Another tip off was "doctor-shopping." The history that the patient sought help from numerous doctors for their problems. This will be a whole discussion soon.
Finally, there was this "tip-off" that was frequently mentioned: The doctor finds himself frustrated and/or angry at the patient that seems to be wasting his time. If he's frustrated maybe it's because the patient doesn't have anything wrong.
So, what did I end up deciding? I still believe that many people have vague discomforts from internal stress. These come and go. But, I am more and more convinced that the medical profession is losing our confidence because of the diagnosis of "It's due to anxiety" is thrown out too fast and too early and is substituting for real thinking. And, too often real abnormal findings (on exam and tests) are ignored in the rush to blame it on the patient.
Finally most of the articles point out that all of the things that are mentioned above can also be seen in people with "real" disease. There are criteria for diagnosing people with somatic complaints. I have read them and need to find them again. And studies have been done to assure practitioners that the diagnostic criteria are quite accurate by following up with people and showing that they didn't actually have some real disease. The articles also comment on how hard it is to treat this "condition." Could this be because talk therapy doesn't undo real disease?
But, I still don't find that reassuring. In my mind our limbolanders might fit that "follow up", but does a lack of diagnosis "really" mean there isn't disease? For two years I was without a diagnosis after having been judged to be one of the Walking Worried. If you checked on me before I saw the right neuro you might have assumed that the diagnosis of "Somatic" was correct.
I am throwing these thoughts out for discussion. How do we know when we are having a "psychic groan" symptom? How does a doctor really know? How many of you have ever had a symptom that you were told was due to anxiety and you could see that it was likely true? When there are real abnormalities on exam, can the diagnosis of anxiety still be true?
Quix, we all appreciate the time you spent putting out your thought on this subject. It is a subject that each of us have thought about at least once or more.
One thing that I think doctors as well as patients need to understand about stress or anxiety induced symptoms is that although there may be a psychological or psychiatric component to explain our symptoms, that does not negate the fact that there could also be a concurrent and real medical problem that has just not reared its head high enough to show up on medical tests. When a patient is told that their symptoms are stress related, they may walk away feeling frustrated and angry or walk away in agreement with what they were told. I would rather walk away frustrated and angry because I am not one to give up if I know there is a problem. Quix, you are correct that you have to look for the right doctor. Doctor's hate seeing patients who appear to be "doctor shopping", but what about doctor's who "doctor shop" as my old neuro was doing by sending me for a 2nd opinion to one doctor and was suggesting that I go to a 3rd opinion with another neuro. He was looking for other doctors to agree with his suggested diagnosis of conversion disorder and when a neurosurgeon and an MS neurologist did not agree, well, that was when he started treating me differently by suggesting more follow-up. I think I have found my right doctor.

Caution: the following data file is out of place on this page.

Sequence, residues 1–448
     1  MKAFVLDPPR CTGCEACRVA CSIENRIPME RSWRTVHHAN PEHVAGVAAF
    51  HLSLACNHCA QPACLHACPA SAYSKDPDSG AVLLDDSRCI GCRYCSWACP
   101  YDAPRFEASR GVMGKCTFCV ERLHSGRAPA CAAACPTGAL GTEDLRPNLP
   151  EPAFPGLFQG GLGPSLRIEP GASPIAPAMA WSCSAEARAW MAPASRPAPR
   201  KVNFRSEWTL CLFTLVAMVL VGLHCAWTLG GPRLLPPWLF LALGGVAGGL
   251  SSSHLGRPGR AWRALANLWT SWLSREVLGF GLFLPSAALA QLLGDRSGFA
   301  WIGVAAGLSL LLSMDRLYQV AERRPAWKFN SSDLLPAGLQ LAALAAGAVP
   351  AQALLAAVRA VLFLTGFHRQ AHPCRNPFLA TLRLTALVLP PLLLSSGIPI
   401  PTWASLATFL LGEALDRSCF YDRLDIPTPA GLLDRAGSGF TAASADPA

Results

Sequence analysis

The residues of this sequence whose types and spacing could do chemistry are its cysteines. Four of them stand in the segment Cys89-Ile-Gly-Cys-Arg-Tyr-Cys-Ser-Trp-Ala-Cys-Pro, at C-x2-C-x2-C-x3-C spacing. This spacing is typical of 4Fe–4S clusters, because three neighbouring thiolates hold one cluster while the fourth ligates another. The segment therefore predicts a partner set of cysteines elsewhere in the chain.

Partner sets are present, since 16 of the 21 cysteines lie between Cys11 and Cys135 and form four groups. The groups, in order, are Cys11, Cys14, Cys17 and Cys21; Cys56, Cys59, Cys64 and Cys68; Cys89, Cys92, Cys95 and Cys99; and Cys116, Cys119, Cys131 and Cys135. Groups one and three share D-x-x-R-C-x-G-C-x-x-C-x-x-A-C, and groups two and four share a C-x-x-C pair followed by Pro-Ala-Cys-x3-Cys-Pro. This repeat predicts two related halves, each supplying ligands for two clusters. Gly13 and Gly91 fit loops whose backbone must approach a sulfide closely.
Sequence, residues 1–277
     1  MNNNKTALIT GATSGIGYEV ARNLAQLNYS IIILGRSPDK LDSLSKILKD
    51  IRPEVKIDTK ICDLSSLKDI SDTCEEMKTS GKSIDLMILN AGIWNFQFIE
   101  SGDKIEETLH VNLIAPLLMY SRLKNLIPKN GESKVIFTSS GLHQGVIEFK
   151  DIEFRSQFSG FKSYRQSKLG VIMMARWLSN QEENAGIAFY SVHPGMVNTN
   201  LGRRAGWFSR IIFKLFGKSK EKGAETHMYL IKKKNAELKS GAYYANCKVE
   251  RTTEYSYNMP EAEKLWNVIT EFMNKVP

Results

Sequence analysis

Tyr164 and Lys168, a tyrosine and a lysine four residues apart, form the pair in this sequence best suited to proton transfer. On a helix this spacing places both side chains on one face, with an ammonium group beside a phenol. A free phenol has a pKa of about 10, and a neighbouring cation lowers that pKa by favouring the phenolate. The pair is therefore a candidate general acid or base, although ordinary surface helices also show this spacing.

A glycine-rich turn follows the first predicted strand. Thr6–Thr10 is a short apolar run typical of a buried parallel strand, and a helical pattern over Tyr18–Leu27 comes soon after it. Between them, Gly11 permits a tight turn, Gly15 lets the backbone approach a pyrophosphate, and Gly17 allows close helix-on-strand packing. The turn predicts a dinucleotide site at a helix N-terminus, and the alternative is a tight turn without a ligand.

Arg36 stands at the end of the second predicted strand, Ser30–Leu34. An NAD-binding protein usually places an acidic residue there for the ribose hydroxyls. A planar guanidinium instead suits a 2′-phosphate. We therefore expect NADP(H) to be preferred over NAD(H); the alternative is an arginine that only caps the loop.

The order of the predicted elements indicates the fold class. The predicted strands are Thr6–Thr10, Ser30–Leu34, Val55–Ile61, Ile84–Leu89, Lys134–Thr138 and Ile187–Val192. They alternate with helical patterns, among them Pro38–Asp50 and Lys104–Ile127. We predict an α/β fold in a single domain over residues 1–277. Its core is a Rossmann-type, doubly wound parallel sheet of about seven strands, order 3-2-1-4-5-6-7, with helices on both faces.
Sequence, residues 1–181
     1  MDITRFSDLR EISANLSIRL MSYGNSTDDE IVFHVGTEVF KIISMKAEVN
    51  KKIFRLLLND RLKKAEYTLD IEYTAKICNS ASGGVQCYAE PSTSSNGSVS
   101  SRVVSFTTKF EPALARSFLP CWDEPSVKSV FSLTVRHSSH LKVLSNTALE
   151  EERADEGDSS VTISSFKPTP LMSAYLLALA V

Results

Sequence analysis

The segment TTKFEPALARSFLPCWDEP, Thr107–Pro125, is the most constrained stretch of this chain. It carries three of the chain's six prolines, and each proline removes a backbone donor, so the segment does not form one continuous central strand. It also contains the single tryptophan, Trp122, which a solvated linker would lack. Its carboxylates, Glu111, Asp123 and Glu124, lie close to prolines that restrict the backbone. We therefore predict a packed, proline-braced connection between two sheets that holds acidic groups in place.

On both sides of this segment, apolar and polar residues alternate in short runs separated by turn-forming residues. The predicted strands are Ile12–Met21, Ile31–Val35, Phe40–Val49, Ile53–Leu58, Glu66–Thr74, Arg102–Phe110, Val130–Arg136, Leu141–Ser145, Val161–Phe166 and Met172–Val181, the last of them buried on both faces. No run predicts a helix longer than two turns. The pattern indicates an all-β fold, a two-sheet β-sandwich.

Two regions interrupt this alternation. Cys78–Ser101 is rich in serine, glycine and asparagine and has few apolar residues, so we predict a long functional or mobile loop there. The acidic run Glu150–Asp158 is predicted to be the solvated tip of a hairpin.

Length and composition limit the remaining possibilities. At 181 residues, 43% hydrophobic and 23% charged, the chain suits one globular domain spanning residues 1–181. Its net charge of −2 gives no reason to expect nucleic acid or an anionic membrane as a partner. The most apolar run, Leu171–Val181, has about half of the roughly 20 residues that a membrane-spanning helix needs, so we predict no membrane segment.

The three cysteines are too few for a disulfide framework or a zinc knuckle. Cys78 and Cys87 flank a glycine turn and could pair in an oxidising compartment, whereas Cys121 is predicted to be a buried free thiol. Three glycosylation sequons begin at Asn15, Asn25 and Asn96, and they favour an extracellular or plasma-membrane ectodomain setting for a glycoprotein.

On another side, we all know ourselves better than any one will ever know us. If we know there is a possibility that stress is playing a key role in our symptoms, then we know it inside. If we don't or are not sure, then that would be a good time to seek counseling to see what is really at the root of the symptoms.
This will be an interesting discussion. I look forward to hearing what others have to say. Thanks again Quix for bringing this subject back to our forum family.
So you think this would explain why my cardio asked how I felt and I told him I felt like c rap, he didn't ask me specifically why I felt that way? Fortunately he knows I have real illnesses and accompaning symptoms and doesn't dismiss it as being in my head.
But that brings up a point I have discussed before - the patient's responsibility to be prepared when they go to the doctor to talk about specifics and not generalities (like I did!). Doctors need something concrete to work with - just giving a response that covers a lot of possibilities, such as "I'm tired" instead of something like "I tire when I walk more than xx distance" gives them too much opportunity to dismiss our complaints as less than real. The other reality is doctors don't have the time to play 20 questions with every patient they see and if you can give them specific symptoms they are more like to investigate those complaints.
I think all of us at some time or another doubt our own symptoms as being real when dealing with an unknown disease. I certainly have wondered if my chest pain was in my head, but then realize that waking up from a dead sleep in bed is a pretty clear sign it is physical and not mental. When we doubt ourselves, is it possible we somehow convey that hesitation to our doctors as well?